Alexey: But it didn’t come out of the blue, right? Was it something related to some of the articles you wrote? You probably must have written an article about Comet for Data Science and that's why they thought of you. (47:24)

Angelica: Yes, I wrote an article about Comet – an overview of Comet. I’m also a contributor to the Heartbeat publication, which is a publication by Comet. So maybe they contacted me for these reasons. (47:37)

Alexey: Interesting. Basically, the recipe is you write and publish your articles on Medium and some other platforms, and then publishers might reach out to you. Right? At least this is how it happened with you? (48:00)

Angelica: Yes, I think that it could be a great strategy if you want to write something – to build a portfolio of articles which show your capabilities and your writing skills and then maybe someone from the acquisition team of a publisher can contact you. An alternative could be to contact an acquisition editor directly. For example, you can go on LinkedIn, search for a publisher, you search for the acquisition editor in the company, and you ask them if they are interested in some books. (48:20)

Alexey: So you approach them with a topic. Maybe you go to LinkedIn, and you write “Packt acquisition editors” or “Manning acquisition editors”, and then you see some people and send them a connection request writing, “I'm interested in the writing a book about Comet,” or “I'm interested in writing a book about (some specific topic).” And then they might say, “Okay. You know what? Let's actually write it.” Right? (49:13)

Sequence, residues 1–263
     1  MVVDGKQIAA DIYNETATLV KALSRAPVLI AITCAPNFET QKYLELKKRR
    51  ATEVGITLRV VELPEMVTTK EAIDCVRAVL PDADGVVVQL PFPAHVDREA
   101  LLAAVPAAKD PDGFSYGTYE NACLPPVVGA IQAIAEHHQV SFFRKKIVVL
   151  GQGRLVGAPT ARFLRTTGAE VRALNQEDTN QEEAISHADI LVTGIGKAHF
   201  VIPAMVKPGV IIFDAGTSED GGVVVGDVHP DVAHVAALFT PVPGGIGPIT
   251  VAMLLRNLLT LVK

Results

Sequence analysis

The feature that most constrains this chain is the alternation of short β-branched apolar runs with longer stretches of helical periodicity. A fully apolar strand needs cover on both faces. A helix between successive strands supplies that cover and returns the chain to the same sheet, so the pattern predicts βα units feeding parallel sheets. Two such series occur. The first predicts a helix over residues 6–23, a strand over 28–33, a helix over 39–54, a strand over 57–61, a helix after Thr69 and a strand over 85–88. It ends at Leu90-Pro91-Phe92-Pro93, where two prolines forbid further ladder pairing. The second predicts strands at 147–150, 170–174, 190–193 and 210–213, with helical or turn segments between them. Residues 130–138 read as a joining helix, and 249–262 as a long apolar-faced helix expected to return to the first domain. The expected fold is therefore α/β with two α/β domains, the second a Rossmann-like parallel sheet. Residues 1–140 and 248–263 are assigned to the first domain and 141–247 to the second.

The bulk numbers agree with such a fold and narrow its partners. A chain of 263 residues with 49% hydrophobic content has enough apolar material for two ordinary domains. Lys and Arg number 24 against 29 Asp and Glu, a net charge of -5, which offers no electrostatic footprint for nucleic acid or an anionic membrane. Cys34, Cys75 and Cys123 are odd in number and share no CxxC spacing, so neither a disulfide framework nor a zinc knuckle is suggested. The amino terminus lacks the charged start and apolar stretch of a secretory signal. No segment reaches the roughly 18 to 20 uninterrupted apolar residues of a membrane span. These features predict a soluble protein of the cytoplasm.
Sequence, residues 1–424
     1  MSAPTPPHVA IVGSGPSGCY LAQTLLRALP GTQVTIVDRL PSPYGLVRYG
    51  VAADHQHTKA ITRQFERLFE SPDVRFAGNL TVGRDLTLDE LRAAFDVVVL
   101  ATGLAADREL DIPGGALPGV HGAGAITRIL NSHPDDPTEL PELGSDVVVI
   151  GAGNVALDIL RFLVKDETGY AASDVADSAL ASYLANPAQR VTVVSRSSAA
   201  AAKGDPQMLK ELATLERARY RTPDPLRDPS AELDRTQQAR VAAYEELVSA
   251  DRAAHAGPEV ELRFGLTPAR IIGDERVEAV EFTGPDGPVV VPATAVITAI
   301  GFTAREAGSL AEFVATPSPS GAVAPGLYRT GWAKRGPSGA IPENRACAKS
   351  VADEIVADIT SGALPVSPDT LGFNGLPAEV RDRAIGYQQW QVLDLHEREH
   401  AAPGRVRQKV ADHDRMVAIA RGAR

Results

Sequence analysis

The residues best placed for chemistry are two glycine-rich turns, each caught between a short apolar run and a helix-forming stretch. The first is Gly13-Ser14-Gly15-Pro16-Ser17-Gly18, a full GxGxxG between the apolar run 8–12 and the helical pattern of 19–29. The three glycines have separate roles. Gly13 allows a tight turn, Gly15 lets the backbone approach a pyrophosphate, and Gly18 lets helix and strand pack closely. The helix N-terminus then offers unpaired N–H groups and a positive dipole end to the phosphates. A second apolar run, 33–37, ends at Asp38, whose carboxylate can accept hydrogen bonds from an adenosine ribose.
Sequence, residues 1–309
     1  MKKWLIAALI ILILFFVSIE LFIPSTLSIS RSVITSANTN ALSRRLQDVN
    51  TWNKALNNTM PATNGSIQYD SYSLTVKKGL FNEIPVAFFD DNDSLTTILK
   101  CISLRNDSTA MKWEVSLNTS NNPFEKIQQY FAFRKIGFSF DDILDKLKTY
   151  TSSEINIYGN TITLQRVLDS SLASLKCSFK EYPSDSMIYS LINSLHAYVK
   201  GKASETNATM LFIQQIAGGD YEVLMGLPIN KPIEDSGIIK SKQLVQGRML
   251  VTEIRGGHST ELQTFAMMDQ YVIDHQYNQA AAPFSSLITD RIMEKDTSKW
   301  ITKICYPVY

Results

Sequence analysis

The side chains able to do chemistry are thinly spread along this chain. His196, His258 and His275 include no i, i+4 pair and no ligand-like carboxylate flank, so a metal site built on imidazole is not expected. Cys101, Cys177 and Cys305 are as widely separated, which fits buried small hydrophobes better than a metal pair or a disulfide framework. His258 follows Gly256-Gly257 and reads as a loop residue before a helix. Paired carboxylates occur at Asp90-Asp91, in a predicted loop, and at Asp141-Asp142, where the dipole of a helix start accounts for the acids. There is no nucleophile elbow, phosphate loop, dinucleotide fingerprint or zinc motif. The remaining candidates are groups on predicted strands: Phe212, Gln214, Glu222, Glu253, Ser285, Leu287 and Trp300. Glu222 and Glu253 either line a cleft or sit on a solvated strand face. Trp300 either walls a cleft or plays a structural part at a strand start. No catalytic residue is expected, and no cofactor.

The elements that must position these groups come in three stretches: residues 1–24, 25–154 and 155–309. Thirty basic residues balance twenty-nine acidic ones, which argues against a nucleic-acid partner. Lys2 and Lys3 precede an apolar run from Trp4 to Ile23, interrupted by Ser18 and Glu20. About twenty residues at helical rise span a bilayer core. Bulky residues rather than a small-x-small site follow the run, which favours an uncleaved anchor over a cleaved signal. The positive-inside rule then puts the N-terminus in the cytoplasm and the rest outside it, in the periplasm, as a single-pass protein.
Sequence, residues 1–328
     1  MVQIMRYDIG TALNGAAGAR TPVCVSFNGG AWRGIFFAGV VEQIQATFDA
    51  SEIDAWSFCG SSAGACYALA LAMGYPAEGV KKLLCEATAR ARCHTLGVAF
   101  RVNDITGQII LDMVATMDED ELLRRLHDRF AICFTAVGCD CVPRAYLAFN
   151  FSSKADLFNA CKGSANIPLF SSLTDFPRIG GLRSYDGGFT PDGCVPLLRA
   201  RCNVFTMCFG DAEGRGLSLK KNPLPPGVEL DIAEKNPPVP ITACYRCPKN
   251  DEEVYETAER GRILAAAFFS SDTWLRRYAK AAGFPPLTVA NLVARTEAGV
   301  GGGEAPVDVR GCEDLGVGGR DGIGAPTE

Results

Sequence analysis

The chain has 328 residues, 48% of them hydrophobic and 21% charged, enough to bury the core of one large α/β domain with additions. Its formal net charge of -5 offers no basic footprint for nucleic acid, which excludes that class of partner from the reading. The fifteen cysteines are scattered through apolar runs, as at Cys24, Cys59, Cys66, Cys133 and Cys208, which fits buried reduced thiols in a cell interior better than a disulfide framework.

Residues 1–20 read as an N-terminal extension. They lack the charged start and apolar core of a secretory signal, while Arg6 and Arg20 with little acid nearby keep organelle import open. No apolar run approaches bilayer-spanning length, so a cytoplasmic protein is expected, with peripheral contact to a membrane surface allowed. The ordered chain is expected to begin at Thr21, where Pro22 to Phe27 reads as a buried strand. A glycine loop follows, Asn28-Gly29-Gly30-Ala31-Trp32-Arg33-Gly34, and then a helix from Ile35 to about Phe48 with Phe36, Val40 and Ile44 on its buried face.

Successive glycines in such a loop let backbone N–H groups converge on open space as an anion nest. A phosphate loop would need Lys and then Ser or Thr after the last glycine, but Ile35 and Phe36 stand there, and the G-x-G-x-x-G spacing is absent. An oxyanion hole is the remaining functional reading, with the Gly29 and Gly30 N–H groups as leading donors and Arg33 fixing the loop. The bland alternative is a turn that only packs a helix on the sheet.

Angelica: Yes, because the alternative (the official way) is to fill a form and send a proposal. But in this case, I think you have less chance to be accepted because you're one of the thousands of people who sent a book proposal. If you are sponsored by an acquisition editor instead, I think that you have a higher probability of being accepted. (49:41)

The process for writing a book

Alexey: It's not an easy process. I know that because I’ve also written a couple of books. I'm curious, how did it actually happen? What was the process from the moment you got contacted by an acquisition editor, to the point when it was actually out in print? (50:19)

Angelica: It was a long journey. (50:40)

Alexey: I know. [laughs] It's very long. Too long. (50:42)

Angelica: It's another job. From this first book, I learned many things and I'd like to share them with you. The first thing is to read the contract carefully before signing it. I think that the first step is to read the particular timelines where the delivery process is defined. The publisher shares with you a possible timetable (timeline) where he says exactly when you have to deliver a chapter. Usually, due to time-to-market resources, the publisher expects a chapter every two weeks. I have done... [cross-talk] (50:44)